Friday, August 14, 2009
bare: the musical
And here's the latest. This is a better show than my review came out. I just get really frustrated when performers aren't given a chance because technical issues prevent it.
From today's Post:
Theater isn't easy. What stage performers do every night is akin to walking naked across a bed of hot coals while juggling puppies and reciting the Pledge of Allegiance. Backward. In Serbian.
Oh, and do try to look more natural while you're doing it, would you?
Although besieged by the alien cruelty of economics — as foreign to art as baseball is to frogs — live theater remains important and vital today because we as audience members can sense this danger. Even if we're not aware of it, we get a vicarious thrill watching performers teeter on the edge of the abyss.
So when a fledging company like Gravity Defied comes along at the worst economic moment for theater in recent memory, with a completely mad and unique mission — plans to donate money from every show to nonprofits — you really hope that, for once, everything goes perfectly.
Alas, on opening night of "Bare: The Musical," the inaugural performance for the group, that was not the case.
First, the story: "Bare" is, frankly, a grab-bag of standard problems facing adolescents: sexual identity, drugs, teen pregnancy, parental estrangement, religion, morality, mortality. But it centers on two Catholic schoolboys who are in love, a formidable predicament indeed.
Peter (Danny Harrigan, who doubles as choreographer) struggles with his love for Jason (played by director Keith Rabin Jr.) and how it fits in with his presumed faith. Further complicating matters, Jason is a jockish, popular kid who fears ostracism and worse should they make their relationship known.
The boys and their classmates are preparing a production of "Romeo and Juliet" — star-crossed lovers, anyone? All the while, they're embroiled in the pitiless politics of high school: Jason's popular girlfriend Ivy (Suzanne Dani'l Simone) and his bitter twin sister, Nadia (Sherean Samimi), hate each other; their friend Matt (Blake Nawa'a) pines for Ivy; and Lucas (Benjy Schirm) deals drugs.
It's a powder keg, if a somewhat predictable and overwrought one. But despite the show's cult status, with nearly 40 (often repetitious, nearly indistinguishable) songs and at least 942 scene changes, creators Jon Hartmere and Damon Intrabartolo have birthed a monster that would benefit from a nip and a tuck.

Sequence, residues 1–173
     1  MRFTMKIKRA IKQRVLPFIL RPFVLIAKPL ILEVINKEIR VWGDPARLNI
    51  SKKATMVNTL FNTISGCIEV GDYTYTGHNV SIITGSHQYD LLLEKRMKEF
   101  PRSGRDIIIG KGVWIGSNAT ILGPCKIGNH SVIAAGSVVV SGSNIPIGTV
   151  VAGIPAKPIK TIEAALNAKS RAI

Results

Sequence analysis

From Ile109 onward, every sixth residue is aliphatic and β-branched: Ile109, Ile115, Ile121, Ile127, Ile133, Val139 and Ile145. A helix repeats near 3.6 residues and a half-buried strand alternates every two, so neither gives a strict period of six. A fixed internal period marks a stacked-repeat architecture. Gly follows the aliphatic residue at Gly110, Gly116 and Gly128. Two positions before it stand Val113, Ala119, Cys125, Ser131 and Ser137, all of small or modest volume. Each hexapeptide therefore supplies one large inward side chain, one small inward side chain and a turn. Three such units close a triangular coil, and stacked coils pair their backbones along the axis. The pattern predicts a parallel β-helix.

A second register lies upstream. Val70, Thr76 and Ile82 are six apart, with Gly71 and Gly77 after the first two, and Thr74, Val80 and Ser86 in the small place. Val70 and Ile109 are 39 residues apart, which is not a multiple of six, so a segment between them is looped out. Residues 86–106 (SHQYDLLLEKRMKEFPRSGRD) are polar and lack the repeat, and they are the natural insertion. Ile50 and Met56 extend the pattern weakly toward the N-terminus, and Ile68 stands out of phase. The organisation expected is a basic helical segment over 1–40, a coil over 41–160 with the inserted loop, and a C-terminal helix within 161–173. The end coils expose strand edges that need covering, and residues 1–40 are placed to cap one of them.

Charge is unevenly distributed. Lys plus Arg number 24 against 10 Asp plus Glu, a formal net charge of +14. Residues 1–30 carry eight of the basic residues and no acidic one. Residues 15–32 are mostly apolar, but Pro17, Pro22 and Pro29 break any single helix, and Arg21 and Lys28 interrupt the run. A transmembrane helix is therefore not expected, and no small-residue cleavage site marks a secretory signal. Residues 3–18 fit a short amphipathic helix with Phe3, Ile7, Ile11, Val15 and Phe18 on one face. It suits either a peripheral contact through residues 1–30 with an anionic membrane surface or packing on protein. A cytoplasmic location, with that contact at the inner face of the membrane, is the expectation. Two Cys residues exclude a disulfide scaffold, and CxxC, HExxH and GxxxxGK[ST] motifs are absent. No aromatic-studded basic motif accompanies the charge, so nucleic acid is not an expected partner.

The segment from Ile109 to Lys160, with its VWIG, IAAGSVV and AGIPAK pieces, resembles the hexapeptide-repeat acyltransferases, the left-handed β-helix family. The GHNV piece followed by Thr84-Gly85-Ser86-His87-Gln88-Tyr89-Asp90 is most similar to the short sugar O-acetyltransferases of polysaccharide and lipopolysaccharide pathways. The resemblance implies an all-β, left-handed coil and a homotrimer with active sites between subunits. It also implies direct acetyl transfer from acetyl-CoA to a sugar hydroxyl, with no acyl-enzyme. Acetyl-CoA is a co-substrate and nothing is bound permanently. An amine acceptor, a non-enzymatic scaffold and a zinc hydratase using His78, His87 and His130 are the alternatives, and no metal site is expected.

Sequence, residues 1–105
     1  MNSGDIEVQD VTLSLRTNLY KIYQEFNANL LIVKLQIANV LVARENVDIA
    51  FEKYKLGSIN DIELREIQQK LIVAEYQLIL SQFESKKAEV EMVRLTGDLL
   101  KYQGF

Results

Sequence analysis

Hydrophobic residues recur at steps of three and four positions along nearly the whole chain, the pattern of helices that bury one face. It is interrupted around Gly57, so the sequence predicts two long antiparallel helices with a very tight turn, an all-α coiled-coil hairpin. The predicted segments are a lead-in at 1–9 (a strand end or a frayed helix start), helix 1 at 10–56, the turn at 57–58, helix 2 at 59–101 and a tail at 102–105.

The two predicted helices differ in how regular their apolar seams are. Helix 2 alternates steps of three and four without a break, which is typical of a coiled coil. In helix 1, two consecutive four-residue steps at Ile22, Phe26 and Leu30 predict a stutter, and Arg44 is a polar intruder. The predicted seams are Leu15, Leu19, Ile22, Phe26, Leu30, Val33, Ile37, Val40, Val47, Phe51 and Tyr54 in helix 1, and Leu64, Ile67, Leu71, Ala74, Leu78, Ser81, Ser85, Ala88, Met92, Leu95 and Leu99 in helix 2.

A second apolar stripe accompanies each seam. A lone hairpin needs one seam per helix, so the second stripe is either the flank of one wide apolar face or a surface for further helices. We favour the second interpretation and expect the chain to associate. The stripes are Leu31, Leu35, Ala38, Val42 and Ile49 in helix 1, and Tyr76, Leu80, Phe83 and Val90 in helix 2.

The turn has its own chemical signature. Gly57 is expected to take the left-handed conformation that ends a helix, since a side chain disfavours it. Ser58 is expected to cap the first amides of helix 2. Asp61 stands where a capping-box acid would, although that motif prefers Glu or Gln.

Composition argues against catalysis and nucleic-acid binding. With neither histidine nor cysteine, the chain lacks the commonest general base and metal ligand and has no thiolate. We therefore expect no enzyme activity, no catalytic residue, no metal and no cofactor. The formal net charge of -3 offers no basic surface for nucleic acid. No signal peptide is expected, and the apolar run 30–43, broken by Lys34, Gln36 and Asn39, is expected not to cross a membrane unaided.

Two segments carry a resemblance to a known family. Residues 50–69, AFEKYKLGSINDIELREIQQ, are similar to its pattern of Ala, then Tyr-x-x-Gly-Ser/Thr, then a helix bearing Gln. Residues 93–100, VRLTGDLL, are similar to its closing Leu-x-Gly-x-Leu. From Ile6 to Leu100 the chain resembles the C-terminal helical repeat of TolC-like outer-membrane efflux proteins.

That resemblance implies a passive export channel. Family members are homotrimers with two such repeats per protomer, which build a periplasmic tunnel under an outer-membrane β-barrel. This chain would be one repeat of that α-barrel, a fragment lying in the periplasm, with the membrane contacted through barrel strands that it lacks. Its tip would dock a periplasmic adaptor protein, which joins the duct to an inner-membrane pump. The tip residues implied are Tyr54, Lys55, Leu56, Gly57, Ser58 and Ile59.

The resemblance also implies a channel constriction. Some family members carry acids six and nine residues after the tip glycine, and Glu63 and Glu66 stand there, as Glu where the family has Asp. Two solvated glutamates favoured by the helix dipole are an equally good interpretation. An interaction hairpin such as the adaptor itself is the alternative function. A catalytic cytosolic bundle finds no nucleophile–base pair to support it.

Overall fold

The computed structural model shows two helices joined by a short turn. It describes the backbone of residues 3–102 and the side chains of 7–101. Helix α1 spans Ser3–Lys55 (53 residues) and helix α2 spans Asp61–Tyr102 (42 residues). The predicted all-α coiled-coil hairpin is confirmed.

Even with these challenges, the Gravity Defied cast has created some tremendous moments of beauty. The love between real-world partners Rabin Jr. and Harrigan was on display in song, in longing gazes and in stamping frustration alike, especially in the second act's "Bare."
As Nadia, Samimi lends the show some much-needed humor with her excoriations of the shallow Ivy. She shines even brighter when she lets her tough-girl shield fall away in "A Quiet Night at Home."
And as the sole voice of reason in this asylum, Sister Chantelle (Anna Maria High) brings down the house with "God Don't Make No Trash." She also has a hilarious, "Jesus Christ Superstar"-inspired turn as a hallucinatory Virgin Mary in "911! Emergency," although at that point, much of what she and her angels were singing was unintelligible.
Which brings us back to the technical difficulties.
It's not that a show must be perfect to be good, or that one can ever be perfect; it's that there was so much preventable discord marring otherwise potentially great performances.
The light cues were off. The unwieldy set proved impossible to shift either quickly or quietly, and the microphone problems grew from mildly annoying to infuriating over the course of the first act.
Newcomer to community theater Nawa'a as Matt seems to have a stunning voice, but his songs were shredded with distortion. Same with Darrell Johnson as the priest. Even the equalizer settings were flat in the first act, clearly something that should have been looked at long before curtain.
All of this is frustrating because tech week is where the myriad microphone, scene-shift and lighting problems should have been solved, not intermission. And even then, the solutions were haphazard at best.
Both Gravity Defied as a company and "Bare" in particular have tremendous potential. There is a great deal of talent in the group; here's hoping they can iron out the kinks.
"Bare: The Musical" **1/2 (out of four stars)
Presented by Gravity Defied Theatre at the Aurora Fox, 9900 E. Colfax Ave. Book by Jon Hartmere and Damon Intrabartolo; music by Intrabartolo; lyrics by Hartmere. Directed by Keith Rabin Jr. Choreography by Danny Harrigan. Starring Danny Harrigan, Keith Rabin Jr., Sherean Samimi, Suzanne Dani'l Simone, Anna Maria High, Darrell Johnson, Jia Apple, Blake Nawa'a, Benjy Schirm. 2 hours, 48 minutes. Through Aug. 22. $30 (a portion of each ticket sold for this show goes to PHAMALy.) 303-325-3959 or go to the Rocky Mountain Arts Associations website at rmarts.org